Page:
The best binoculars are pretty expensive and can cost a small fortune. But that doesn’t mean you have to settle for less. 

You too can get a decent binocular— for just under $200!   

In this article, I’ll be going over the best hunting binoculars in 2021, and I do not doubt that you’ll find one that you like.

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Top 6 Best Hunting Binoculars Under 200 in 2021

Gosky 10×42 Roof Prism

If you want the very best, you have to be willing to pay for the very best. The binoculars are a bit on the high side, but it backs up its price pretty well. It has a 10x magnification and a wild field of view that allows you to see to the depths of the horizon. It’s pretty durable too, as it’s fog-proof and waterproof. It also comes with an O-ring that easily repels lint, dirt, and debris. 

The images from these binoculars are sharp, thanks to its HD extra-low dispersion glass that provides superior color fidelity and resolution. To round it all off, it comes with a smartphone adapter. Without a doubt, this binocular is the very best hunting binoculars under 200 in 2021. 

Pros

  • It has very solid and durable construction with an O-ring seal
  • It works pretty well in low light conditions

Cons

  • It’s close to the $200 line

Takeway

It’s relatively expensive, but quality doesn’t come cheap— most times, at least.

Celestron – Nature DX 8×42

These Celestron binoculars are precisely what you want by your side on a hunt. They come with Bak-4 Prism lenses with phase coating and have an 8x magnification and 42mm wide objective lenses. These lenses would do a near-perfect job when it comes to helping you track down targets in the wild. They can even help you during low light conditions as well. And like every other binocular on this list, they cost well under 200$. It’s undoubtedly the best 8×42 binoculars under $200.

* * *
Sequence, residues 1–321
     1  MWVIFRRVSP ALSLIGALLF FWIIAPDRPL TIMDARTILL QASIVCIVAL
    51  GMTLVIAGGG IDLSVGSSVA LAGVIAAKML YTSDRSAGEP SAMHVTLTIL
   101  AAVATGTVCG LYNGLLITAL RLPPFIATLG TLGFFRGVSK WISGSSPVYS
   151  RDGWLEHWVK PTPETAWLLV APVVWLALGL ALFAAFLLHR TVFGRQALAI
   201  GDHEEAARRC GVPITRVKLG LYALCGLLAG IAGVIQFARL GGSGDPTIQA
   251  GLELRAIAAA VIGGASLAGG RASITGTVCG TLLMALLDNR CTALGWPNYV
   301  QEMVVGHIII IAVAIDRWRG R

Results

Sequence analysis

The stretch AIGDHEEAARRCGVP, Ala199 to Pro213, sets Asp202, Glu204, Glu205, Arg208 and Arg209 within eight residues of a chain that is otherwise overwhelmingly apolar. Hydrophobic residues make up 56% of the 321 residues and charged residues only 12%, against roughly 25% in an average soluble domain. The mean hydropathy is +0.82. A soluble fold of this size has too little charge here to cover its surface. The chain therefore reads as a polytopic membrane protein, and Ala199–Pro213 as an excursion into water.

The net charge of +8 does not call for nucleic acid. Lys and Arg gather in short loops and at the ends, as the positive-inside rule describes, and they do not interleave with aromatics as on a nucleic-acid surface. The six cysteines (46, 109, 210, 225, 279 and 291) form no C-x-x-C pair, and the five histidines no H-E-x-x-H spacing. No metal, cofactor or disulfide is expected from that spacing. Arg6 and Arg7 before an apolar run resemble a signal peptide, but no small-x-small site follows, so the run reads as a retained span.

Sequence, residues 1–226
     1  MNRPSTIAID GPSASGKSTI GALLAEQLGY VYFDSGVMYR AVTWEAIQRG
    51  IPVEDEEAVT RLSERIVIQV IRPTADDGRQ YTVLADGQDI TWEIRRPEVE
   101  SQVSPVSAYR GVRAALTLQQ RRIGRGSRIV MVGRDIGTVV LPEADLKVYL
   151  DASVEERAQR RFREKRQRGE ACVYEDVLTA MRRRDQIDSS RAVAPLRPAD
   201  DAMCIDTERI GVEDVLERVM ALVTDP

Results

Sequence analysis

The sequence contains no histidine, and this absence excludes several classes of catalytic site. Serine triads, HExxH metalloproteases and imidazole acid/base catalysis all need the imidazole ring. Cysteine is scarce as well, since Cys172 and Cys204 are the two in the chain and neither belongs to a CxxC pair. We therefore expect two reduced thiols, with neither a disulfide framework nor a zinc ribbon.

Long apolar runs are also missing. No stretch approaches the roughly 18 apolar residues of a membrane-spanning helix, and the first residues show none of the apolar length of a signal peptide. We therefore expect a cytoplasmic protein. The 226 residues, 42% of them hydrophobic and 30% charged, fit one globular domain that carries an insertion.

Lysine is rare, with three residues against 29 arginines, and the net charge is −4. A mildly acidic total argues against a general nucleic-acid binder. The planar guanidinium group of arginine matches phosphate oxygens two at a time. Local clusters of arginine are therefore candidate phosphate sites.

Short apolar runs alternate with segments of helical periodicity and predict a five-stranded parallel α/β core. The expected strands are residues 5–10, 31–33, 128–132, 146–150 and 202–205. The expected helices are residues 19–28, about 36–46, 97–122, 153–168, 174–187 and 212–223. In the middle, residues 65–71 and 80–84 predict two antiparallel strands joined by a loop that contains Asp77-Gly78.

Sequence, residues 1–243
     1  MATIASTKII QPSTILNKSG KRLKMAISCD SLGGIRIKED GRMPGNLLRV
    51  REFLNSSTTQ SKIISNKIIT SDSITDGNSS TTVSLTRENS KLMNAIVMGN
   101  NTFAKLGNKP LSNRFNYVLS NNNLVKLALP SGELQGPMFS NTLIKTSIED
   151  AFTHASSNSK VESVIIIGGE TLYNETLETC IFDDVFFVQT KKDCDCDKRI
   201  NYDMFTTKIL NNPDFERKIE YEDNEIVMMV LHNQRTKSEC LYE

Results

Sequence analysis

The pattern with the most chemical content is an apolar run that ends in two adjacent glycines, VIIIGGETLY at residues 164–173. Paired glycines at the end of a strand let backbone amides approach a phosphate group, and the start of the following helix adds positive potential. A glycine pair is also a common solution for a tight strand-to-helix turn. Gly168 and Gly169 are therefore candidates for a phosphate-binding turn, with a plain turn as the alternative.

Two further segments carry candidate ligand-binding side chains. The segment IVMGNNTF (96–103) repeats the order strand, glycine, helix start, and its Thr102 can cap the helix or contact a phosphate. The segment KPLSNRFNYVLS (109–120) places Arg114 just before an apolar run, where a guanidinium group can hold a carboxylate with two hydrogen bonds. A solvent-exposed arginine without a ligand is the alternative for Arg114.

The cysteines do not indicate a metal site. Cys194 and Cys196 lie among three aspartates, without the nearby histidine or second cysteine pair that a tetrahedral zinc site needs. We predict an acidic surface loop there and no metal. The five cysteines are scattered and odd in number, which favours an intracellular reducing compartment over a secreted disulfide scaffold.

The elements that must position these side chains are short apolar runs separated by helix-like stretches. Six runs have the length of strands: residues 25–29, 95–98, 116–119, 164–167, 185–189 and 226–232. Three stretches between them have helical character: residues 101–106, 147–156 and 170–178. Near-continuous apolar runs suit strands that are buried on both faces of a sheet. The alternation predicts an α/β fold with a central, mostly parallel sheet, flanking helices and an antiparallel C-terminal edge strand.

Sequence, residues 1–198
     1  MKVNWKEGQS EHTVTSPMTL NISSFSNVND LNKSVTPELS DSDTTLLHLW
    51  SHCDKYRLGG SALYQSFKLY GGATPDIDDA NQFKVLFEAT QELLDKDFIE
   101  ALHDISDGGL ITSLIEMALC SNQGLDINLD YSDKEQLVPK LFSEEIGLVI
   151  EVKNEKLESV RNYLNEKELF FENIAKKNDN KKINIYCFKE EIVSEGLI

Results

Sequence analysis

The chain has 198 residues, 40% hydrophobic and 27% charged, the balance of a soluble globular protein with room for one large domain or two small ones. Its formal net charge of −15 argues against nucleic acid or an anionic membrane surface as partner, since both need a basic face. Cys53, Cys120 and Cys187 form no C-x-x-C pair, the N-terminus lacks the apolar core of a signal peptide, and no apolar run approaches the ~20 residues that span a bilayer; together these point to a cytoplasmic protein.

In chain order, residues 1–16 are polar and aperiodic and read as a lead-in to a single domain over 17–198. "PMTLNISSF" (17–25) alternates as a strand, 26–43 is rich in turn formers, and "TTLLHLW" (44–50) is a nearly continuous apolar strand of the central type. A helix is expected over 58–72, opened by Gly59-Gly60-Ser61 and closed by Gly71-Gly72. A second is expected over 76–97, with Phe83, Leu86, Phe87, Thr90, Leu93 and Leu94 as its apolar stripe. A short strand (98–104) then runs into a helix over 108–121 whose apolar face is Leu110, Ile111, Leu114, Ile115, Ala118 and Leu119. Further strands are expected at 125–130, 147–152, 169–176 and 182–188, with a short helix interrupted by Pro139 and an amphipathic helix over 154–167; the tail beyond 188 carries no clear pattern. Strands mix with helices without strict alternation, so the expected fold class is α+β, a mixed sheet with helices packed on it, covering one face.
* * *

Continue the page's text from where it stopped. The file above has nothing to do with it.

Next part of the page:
Pros

  • It comes with 40mm wide lenses
  • It has multi-coated optics

Cons

  • It’s very heavy

Takeway

Decent pair of binoculars for a reasonable price— this is one you should look out for.

Nikon 8×30 Prostaff 7S

These binoculars are good for everything. Whether it’s brief watching, hiking, or even hunting— the Nikon Prostaff will serve you well. The binoculars will provide high resolution with color production that is certainly very close to perfect. 

It’s outfitted with a 30mm objective lens and a 9x magnification. It comes with a turn and slides rubber eyecups that let the users adjust the eye-relief to precisely what they want. The binoculars have an ergonomic design that makes it even easier for the binoculars to be held for long periods. It’s built with a rubber-armored coating that will handle any and everything— including the most extreme conditions. In addition to this, the binoculars are nitrogen-filled, which means it’s wholly fog-proof and waterproof. 

Pros

  • It has a 30mm objective diameter lens
  • It is waterproof and fog-proof
  • It comes with a custom-fit eye relief

Cons

  • The lens cover isn’t of the most outstanding quality

Takeway

This is a decent choice if you’re looking for lightweight binoculars for hunting. However, since it only has an 8x magnification, you probably shouldn’t expect world-class performance.

Bushnell Falcon 133410

Hunting can be a costly hobby, especially if you want to do it right. You’ve got to buy arrows, a bow, and you’ve got to go camping in the woods for a real authentic experience— and that’s only if you’re bow hunting. It costs more if you’re rifle hunting. Even getting binoculars can be expensive. But the Falcon 133410 from Bushnell is a welcome departure from the path of costly binoculars. It’s probably the cheapest (although you can still find cheaper) on this list and still manages to retain a lot of functionality